1. Could you share a picture of yourself as a zombie?
I don’t have a picture of myself as a zombie, although friends have claimed to see me in the parking lot seen.  I am occasionally wearing red mittens, as it was really, really cold.  While the film was set in summer we were filming in early November before the Monroeville Mall opened for business.

2. What did you have to do as a zombie? What were your scene directions?
I attacked a truck, other parts were left on the cutting room floor.  Our directions were, “Okay people…Zombie around!”

3. To look like one of the un-dead must have taken a while. How long were you in makeup? What did they do to give you that just-died charm?
Make up took about an hour for the extras.  They painted blood on us, put on a lot of scar tissue, makeup under the eyes, that brought out the hollows, and then made us watch Night of the Living Dead to get into character.  They fed us well, and we were able to take food back to school with us.  It was a long drive, so we appreciated it.

4. What was your favorite part of being a zombie?
It never got on screen.  If you look at the picture above, you’ll notice there is a road at the back.  It was about 9 degrees out here, and we had the whole scene set up, when a woman in pink curlers, a pink coat walking a pink poodle came toddling down the road and stood there.  She was right in the shot, and even though the assistant director asked her to leave, she obviously didn’t hear her.  Almost as one, we turned, zombie makeup in full view, and ran towards her and the poodle, screaming “get out of the shot, get out of the shot.”  The poor dog jumped in her arms and she ran off, terrified of 30 irate zombies chasing her.

5. Did you meet anyone famous while you were working on the movie?
Tom Savini, the great makeup artist for the film.

6. If readers watched Dawn of the Dead, would they see you? Please describe in detail exactly where we could look for you?
I am apparently quite visible in the parking lot scene, where I have red mittens either on my hands or in my back pocket.

Paola sent me this picture of the zombies in the Monroeville Mall parking lot. If you want to find her, look for the red mittens.

7. Can you describe your experience? How long was it? How many days or weeks?
We went there for about 3 weekends, got to set at about 2 a.m. on Saturday morning, and Sunday, while the mall was closed.

8.  What was a typical day on set?
We got to the mall very early. They put the make up on us, and fed us copious amounts of food.  Blood and guts were all over us, but we didn’t care, and usually had donuts and coffee, since we were well, zombies from driving at night to get there.  It was a blast.  Many of my scenes were cut, because they had a lot of them.  My hands are occasionally in shots, but I am the only one who knows those digits, and, of course, the parking lot.  Between set-ups, we all ran inside because it was really cold, and we hung out.  I do remember doing some shopping, still in make-up and getting some odd looks.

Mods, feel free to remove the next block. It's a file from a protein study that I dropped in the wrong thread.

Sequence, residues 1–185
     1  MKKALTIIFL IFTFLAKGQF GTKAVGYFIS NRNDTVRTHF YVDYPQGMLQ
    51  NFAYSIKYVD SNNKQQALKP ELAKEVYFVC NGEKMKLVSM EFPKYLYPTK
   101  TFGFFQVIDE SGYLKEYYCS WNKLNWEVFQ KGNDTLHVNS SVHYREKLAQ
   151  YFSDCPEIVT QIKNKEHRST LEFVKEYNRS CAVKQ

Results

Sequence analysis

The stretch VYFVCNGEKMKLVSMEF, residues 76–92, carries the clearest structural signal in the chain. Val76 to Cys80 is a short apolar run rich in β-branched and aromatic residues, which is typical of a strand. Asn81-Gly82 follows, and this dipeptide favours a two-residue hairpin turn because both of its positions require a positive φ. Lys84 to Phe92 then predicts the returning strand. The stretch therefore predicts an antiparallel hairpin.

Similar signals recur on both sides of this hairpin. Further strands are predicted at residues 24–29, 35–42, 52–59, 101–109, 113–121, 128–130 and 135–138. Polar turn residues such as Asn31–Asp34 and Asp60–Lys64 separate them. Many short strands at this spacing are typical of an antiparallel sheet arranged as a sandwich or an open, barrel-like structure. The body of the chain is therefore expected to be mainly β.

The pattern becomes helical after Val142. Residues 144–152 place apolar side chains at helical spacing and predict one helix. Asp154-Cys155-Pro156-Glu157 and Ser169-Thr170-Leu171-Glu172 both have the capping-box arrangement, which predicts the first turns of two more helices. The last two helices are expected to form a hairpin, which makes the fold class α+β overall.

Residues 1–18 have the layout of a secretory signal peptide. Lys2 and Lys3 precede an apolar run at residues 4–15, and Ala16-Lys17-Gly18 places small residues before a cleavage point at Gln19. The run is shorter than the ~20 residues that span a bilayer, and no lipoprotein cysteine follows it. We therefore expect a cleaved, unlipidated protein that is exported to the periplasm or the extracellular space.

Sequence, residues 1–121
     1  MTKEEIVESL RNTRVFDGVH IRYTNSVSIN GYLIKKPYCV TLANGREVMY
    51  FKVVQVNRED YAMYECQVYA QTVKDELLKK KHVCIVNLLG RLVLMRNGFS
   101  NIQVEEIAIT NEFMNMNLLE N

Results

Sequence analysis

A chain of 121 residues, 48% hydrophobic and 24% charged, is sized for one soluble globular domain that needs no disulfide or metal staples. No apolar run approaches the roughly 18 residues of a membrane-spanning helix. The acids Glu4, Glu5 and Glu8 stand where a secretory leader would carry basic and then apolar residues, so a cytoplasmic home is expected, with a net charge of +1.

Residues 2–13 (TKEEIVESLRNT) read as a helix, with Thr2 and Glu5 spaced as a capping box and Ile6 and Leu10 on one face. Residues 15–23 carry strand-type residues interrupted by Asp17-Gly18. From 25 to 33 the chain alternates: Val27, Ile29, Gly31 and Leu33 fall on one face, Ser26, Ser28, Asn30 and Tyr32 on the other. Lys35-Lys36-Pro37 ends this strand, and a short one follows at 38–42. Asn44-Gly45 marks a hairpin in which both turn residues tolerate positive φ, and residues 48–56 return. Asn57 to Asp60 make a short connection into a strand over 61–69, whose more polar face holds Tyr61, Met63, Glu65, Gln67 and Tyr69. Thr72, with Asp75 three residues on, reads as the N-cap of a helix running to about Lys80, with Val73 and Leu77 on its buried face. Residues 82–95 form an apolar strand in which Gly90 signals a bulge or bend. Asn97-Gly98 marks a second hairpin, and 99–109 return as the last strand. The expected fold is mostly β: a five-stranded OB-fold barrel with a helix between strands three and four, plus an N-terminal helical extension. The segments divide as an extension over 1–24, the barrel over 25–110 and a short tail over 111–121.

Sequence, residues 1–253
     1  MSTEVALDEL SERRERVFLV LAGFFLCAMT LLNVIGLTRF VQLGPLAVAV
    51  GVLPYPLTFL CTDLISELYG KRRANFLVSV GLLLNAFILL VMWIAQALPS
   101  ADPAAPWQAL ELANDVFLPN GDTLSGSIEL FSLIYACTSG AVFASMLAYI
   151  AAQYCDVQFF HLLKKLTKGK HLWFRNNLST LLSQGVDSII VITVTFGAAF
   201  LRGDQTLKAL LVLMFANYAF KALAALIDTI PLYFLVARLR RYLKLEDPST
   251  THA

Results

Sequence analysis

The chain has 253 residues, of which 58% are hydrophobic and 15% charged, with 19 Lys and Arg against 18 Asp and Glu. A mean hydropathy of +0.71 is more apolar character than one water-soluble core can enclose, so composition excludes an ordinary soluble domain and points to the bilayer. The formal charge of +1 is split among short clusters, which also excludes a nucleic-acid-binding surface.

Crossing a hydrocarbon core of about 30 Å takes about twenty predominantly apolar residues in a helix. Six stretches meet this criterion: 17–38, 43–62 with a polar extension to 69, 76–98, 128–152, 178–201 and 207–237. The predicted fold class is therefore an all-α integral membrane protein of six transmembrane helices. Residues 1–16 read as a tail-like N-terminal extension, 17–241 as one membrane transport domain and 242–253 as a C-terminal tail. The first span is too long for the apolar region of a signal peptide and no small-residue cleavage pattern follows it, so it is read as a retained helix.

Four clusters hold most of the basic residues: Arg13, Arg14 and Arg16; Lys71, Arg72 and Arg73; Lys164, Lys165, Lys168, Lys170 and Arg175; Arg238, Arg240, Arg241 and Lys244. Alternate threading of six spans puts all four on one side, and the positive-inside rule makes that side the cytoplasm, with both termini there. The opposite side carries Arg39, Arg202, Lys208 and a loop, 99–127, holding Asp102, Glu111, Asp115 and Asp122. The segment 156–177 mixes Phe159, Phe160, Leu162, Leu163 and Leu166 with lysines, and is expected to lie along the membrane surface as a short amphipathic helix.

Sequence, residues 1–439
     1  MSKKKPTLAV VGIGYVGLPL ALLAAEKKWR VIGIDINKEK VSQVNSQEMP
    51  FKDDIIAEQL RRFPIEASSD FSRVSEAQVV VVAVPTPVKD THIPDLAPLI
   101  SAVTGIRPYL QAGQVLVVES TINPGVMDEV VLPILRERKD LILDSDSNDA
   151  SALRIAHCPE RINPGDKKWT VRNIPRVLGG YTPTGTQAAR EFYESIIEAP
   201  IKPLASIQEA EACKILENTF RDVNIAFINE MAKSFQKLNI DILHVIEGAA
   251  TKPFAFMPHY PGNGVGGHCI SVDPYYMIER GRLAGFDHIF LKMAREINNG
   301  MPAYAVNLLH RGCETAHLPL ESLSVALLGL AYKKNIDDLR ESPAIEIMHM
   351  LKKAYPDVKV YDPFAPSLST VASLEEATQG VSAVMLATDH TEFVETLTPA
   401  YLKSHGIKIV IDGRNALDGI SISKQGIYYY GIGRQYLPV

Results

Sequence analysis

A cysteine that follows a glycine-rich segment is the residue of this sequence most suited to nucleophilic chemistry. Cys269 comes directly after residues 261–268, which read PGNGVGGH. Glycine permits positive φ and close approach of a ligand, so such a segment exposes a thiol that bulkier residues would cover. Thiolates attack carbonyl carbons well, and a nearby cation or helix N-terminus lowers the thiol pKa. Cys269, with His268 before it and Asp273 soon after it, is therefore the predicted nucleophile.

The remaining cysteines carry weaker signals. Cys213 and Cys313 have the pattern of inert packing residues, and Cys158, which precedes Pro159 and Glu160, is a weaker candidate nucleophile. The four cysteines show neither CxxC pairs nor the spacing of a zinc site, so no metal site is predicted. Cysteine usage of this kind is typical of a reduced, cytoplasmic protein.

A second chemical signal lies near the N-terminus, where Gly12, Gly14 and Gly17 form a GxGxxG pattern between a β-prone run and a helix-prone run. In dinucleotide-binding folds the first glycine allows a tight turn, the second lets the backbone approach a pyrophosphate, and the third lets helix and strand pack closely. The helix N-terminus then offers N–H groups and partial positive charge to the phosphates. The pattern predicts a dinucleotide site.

9. Tell us about your most vivid memory of your zombie experience?
I have to say the poodle lady I described above.  It stayed with me forever.

What an amazing experience, but Paola K. Amaras has done a lot of incredible things since. She writes for Thrive Global, Huffington Post, and her own writing research company while she looks for an agent for her book series The Hidden Rims Saga. If you want to find out more about her, you can find her at these links.

http://www.huffingtonpost.com/author/paulamari-438
https://medium.com/me/stories/public 

Also, if you have a question for Paola, you can leave it in the comments and I’ll see she gets it. Thanks.

An Interview with Deb Werksman


It’s my pleasure to introduce my guest, Deb Werksman, the Editorial Director for Sourcebooks Casablanca.


MJC: What books have you read when you were younger that made an impact on you?
DZ:Jane Austen and Virginia Woolf were my favorites in high school and college. For about 10 years I re-read Pride and Prejudice every year, and A Room of One’s Own still resonates as a powerful feminist manifesto (manifesta?).

MJC: What are you currently reading?
DW: I’ve just finished The Radium Girls by Kate Moore, which is absolutely thrilling—it’s non-fiction, but reads like a thriller, and tells the story of the amazing women who painted the illuminated watch dials during WWI and got radium poisoning as a result. They had to fight very hard to get worker’s compensation for their suffering, and were the pioneers of OSHA. I’m also re-reading The Grand Sophy by Georgette Heyer, and I’ve pre-ordered Donna Leon’s new book—I love her mysteries set in Venice, Italy, with the redoubtable Commissario Guido Brunetti.

MJC: What do you like best about being an editor?
DW: I love to take an author from an unknown debut to a bestseller with hundreds of thousands of copies sold.

MJC: What percentage of new clients you sign in are debut authors?
DW: A healthy percentage—difficult to give you an exact number because of course after their first book, they’re not a debut any more. I have numerous authors who debuted with us sometime during the past 10 years and are still writing for us.

MJC: What are the qualities of your ideal client?
DW: My ideal client is deadline and data driven, and is a great team player.

MJC: How many submissions do you typically receive in a week?
DW: About 50-100 per month.

MJC: What questions do you wish authors would ask before considering a match with a publishing house or editor?
DW: I think an author needs to assess how much support she wants vs. how much control. If an author is a team player and understands that publishing is a team sport, she will be much happier.

MJC: What is most common plotting error you see in submissions?
DW: Most common is using tropes instead of original thinking, and the lack of a strong hook—it’s such a competitive marketplace that the hook is absolutely essential. Plotting errors can be fixed—lack of a hook is much more difficult.